Petrol prices: RAC spokesperson reacts to criticism from The AA
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Petrol has plunged more than 30p a litre since its record high in the summer to a pump average of less than 160p a litre. Diesel on the other hand has fallen less than half that amount, according to the AA, as motorists continue to struggle with fuel prices. Experts have called on drivers to shop at smaller, independent forecourts in hopes of finding cheaper prices.
Since oil caught a cold from Covid disruption in China, falling from above $98 a barrel in early November to around $85 this week, and with most strikes at French refineries ended, both petrol and diesel wholesale costs have dropped more than 15p a litre.
That left petrol averaging 159.88p a litre on Wednesday, down 31.65p compared to July’s record of 191.53p a litre.
Regardless of recent falls, were it not for the 5p fuel duty cut (6p with VAT) petrol would still be only around a penny below its 167.30p average on the day before the Chancellor took action to relieve the burden on drivers and businesses.
All the same, petrol car owners are enjoying a saving of around £17.40 a tank as opposed to what they were paying in the summer (£105.34 versus £87.93).
Yesterday, diesel fell to a pump average of 183.87p a litre, down 15.2p compared to July’s record of 199.07p a litre.
However, as the wholesale cost chart indicates, the price gap with petrol should be much less than the enduring 24p a litre that has infuriated diesel users this autumn.
That is partly explained by the pump-price postcode lottery that has plagued the UK for so long and gone into overdrive since the pandemic.
Examples of what fuel retailers are capable of charging for petrol are: 149.9p in Birmingham, 152.9p in Leeds and 149.9p in Pembrokeshire.
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Luke Bosdet, the AA’s spokesperson on fuel prices, commented on the new data and the falling prices, saying issues remain.
He said: “The agility of competitive independent forecourts in reflecting plummeting wholesale costs and stealing a march on the supermarkets has been the story of UK pump prices since the summer.
“Eventually, the superstores will start to catch up but the days of them calling the shots on lower pump prices have largely gone.
“However, the big problem remains locating the cheaper fuel stations if they are not local to drivers.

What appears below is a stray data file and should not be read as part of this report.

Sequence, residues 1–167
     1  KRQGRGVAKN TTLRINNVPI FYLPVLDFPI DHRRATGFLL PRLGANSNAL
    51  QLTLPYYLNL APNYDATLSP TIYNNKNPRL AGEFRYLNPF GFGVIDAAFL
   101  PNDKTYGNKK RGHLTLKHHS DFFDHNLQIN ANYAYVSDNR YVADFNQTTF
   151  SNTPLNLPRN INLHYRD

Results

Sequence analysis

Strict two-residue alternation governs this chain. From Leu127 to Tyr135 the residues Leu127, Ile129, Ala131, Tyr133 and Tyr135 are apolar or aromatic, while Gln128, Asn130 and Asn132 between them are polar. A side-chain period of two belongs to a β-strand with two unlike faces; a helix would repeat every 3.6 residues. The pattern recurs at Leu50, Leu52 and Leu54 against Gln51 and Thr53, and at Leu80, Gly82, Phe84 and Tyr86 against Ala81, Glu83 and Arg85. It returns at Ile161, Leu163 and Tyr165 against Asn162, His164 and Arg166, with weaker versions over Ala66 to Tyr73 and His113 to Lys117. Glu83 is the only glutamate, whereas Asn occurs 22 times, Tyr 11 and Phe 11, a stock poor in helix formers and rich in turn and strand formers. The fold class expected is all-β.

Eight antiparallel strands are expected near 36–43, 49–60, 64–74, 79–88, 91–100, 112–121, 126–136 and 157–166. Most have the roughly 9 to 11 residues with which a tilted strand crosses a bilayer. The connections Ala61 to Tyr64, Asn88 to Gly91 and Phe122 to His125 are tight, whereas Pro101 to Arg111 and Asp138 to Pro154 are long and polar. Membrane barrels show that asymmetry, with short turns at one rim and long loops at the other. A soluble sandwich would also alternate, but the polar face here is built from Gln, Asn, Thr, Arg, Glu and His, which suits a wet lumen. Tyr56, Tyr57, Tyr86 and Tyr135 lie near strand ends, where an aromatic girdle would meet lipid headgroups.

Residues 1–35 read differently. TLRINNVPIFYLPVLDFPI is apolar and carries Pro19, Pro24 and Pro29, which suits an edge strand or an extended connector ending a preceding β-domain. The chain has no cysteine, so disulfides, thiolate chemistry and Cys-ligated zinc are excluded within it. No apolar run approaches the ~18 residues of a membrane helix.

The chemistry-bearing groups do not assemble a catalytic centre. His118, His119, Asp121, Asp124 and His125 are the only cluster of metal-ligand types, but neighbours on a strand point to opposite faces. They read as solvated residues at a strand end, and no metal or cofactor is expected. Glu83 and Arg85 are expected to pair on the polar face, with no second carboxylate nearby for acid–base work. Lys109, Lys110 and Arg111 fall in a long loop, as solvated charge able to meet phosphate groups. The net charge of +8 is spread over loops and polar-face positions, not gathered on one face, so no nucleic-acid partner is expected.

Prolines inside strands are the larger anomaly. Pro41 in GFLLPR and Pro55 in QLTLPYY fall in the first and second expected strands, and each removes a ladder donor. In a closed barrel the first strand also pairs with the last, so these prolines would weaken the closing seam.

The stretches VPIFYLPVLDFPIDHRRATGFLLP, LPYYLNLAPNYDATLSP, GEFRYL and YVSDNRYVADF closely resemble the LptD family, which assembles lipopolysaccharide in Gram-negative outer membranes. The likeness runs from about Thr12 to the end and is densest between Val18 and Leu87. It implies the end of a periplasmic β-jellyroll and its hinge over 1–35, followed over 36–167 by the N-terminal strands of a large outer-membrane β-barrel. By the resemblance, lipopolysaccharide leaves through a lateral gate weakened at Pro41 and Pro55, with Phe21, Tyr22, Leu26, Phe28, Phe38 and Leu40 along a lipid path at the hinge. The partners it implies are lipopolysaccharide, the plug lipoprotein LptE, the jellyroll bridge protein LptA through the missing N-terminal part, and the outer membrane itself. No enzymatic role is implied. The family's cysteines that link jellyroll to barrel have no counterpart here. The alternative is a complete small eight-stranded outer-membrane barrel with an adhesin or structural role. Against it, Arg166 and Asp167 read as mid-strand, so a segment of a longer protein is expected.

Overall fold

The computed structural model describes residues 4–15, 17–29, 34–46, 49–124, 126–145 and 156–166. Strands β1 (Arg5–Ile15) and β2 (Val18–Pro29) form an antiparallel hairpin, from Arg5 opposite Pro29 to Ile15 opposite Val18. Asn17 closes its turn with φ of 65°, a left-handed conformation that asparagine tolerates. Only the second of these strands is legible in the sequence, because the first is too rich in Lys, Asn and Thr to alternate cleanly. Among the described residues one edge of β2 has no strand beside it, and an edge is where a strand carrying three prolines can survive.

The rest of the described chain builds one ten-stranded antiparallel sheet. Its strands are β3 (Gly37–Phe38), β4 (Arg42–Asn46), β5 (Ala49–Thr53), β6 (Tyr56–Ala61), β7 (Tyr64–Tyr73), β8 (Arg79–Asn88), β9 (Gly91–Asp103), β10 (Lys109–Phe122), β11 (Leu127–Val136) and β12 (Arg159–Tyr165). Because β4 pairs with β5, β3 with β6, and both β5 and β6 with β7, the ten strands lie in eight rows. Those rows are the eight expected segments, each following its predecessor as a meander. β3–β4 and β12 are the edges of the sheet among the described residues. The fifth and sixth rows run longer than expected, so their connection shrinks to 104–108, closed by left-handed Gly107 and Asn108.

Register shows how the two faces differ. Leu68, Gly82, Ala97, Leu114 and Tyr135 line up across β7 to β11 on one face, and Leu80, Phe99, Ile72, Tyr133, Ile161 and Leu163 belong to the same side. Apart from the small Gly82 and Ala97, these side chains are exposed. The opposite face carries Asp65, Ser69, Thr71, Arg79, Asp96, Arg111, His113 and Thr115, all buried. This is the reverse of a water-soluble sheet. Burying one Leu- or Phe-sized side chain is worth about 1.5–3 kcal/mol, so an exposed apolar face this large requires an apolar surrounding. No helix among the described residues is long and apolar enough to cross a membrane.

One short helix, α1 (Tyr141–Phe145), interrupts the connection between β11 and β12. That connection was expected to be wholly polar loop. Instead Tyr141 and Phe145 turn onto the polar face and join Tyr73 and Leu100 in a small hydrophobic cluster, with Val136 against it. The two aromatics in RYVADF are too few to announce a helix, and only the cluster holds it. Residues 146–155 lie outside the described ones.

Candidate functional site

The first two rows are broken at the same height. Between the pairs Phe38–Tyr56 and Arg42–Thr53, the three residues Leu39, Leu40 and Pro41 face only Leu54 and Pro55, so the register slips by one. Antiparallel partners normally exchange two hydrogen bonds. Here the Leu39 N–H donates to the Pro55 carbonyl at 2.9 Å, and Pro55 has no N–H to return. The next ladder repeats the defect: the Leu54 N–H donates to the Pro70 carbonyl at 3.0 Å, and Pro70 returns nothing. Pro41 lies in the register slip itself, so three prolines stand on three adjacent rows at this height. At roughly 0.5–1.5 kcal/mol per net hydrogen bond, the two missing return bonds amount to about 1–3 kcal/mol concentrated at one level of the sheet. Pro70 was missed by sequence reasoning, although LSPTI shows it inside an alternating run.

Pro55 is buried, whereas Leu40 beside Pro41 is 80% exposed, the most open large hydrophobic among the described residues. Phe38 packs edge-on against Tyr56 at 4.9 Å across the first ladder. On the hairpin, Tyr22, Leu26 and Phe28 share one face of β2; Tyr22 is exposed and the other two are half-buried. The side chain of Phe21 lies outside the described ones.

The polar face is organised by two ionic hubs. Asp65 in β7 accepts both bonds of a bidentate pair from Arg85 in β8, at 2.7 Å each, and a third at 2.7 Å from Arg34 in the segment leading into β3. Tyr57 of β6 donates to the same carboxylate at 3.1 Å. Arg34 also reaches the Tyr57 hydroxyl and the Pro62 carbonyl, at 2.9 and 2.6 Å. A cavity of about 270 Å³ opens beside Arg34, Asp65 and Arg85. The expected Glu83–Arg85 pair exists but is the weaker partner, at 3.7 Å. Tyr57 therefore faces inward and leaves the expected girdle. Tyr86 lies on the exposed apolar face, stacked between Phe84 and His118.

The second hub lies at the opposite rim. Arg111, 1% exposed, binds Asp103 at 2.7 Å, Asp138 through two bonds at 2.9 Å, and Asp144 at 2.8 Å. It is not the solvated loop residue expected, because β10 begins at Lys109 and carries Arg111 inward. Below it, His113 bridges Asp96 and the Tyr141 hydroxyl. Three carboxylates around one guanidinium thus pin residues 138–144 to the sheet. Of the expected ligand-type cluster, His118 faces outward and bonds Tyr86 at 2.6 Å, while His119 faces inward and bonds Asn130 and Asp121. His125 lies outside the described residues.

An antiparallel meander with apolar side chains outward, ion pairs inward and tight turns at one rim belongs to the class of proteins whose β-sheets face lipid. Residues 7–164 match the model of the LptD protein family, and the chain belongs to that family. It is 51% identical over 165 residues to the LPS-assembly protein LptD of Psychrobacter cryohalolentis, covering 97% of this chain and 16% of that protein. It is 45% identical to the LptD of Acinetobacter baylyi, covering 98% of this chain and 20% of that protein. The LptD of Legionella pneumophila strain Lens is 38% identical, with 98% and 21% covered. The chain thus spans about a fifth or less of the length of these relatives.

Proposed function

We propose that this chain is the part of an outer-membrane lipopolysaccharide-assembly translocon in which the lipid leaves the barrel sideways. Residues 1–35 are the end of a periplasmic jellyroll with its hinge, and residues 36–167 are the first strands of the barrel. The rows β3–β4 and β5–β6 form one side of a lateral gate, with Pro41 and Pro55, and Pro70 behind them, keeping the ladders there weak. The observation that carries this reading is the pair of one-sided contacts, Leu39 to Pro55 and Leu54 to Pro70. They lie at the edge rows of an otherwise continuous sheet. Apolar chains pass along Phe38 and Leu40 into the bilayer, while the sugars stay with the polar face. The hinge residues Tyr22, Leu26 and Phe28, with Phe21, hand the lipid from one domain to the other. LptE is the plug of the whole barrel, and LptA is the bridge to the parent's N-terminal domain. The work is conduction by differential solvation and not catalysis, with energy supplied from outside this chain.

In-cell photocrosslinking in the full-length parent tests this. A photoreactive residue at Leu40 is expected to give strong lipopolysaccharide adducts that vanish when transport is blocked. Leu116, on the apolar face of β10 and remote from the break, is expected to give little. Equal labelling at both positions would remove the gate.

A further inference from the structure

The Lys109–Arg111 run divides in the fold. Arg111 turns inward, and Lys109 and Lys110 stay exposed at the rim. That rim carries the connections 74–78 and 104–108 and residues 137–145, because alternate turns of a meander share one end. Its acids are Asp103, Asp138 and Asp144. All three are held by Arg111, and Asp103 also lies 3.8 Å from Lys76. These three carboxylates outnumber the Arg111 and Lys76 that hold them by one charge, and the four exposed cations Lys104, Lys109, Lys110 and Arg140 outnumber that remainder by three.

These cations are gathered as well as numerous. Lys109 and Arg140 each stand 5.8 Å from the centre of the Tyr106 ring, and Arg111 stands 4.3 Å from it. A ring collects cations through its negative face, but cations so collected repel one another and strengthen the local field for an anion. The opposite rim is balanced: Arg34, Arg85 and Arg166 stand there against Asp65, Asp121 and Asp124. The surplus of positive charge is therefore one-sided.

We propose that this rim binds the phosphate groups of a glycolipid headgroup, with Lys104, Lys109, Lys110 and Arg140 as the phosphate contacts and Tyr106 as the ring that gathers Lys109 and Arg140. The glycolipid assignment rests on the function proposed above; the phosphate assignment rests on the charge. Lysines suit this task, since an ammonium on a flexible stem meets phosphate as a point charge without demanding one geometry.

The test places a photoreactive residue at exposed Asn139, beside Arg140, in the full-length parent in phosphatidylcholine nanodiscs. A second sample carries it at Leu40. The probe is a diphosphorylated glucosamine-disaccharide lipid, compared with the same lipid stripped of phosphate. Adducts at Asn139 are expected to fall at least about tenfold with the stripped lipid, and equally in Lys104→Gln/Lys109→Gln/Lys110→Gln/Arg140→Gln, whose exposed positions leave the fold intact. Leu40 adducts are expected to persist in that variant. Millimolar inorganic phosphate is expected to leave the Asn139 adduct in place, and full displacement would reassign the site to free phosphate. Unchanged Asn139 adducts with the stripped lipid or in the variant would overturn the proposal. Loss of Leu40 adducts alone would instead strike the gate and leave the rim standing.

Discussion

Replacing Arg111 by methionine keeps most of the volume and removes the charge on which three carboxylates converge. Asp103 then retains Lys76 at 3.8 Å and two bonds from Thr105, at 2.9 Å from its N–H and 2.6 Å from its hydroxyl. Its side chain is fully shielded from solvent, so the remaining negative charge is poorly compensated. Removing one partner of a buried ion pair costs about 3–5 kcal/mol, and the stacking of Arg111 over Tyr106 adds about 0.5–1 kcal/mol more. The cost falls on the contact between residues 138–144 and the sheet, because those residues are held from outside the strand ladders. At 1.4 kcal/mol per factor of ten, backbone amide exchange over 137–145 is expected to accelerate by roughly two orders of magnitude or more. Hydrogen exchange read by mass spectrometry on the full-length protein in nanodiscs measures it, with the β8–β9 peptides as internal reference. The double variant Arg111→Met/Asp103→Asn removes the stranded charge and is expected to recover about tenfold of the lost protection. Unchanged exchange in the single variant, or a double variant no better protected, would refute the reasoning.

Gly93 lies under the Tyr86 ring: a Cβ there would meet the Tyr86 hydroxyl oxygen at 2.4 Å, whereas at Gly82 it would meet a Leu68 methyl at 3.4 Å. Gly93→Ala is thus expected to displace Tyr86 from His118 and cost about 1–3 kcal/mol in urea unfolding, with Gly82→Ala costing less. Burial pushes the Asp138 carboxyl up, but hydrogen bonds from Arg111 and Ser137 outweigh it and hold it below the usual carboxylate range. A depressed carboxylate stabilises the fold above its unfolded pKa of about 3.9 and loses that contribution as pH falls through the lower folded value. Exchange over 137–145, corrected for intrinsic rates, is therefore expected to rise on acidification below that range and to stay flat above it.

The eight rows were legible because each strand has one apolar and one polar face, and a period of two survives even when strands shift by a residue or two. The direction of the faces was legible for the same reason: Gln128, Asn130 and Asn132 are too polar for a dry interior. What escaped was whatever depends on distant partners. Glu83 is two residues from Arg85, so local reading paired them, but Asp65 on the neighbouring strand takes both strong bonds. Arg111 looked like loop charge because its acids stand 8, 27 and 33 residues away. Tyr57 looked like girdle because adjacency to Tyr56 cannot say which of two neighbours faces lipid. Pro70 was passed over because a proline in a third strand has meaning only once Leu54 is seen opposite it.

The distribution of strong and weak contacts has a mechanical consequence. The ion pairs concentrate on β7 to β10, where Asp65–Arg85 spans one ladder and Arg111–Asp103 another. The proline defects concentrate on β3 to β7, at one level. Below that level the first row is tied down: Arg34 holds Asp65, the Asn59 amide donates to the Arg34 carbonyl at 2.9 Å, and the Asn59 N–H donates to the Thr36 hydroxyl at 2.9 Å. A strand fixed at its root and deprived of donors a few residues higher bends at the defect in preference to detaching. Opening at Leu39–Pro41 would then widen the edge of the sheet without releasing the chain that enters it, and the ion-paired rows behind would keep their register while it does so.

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“The value of Northern Ireland’s Fuel Price Checker in providing that transparency is underlined by the 6.5p difference in the average price of diesel there (178.26p on Monday) compared to the UK average (184.79p on the same day).”
Last month, membership-only retailer Costco reacted to the falling wholesale market prices by slashing its petrol by 8p per litre.
At the time, this was 12p less than the average price of a litre at a supermarket and 14p lower than the UK average, which was 161.9p.
The retailer has 19 forecourts across the UK including Birmingham, Edinburgh, Liverpool, Manchester and Southampton.
Simon Williams, fuel spokesperson for the RAC, said the move by Costco to cut prices demonstrates how overpriced fuel is elsewhere.
He added: “Drivers who aren’t fortunate enough to be members of Costco will no doubt be horrified to see just how cheaply fuel can be sold.
“It’s no wonder you often see long queues for fuel at Costco. In fact, they recently had to change the queuing system at their Bristol forecourt to cope with the number of people wanting to fill up.”
Experts have consistently called for drivers to shop around, with smaller, independent forecourts usually offering more competitive prices than supermarkets.
Asda has traditionally been the most aggressive supermarket on fuel prices, but while it’s still the cheapest of the big four, it seems far less keen to lower prices in a falling wholesale market than it has been in the past.
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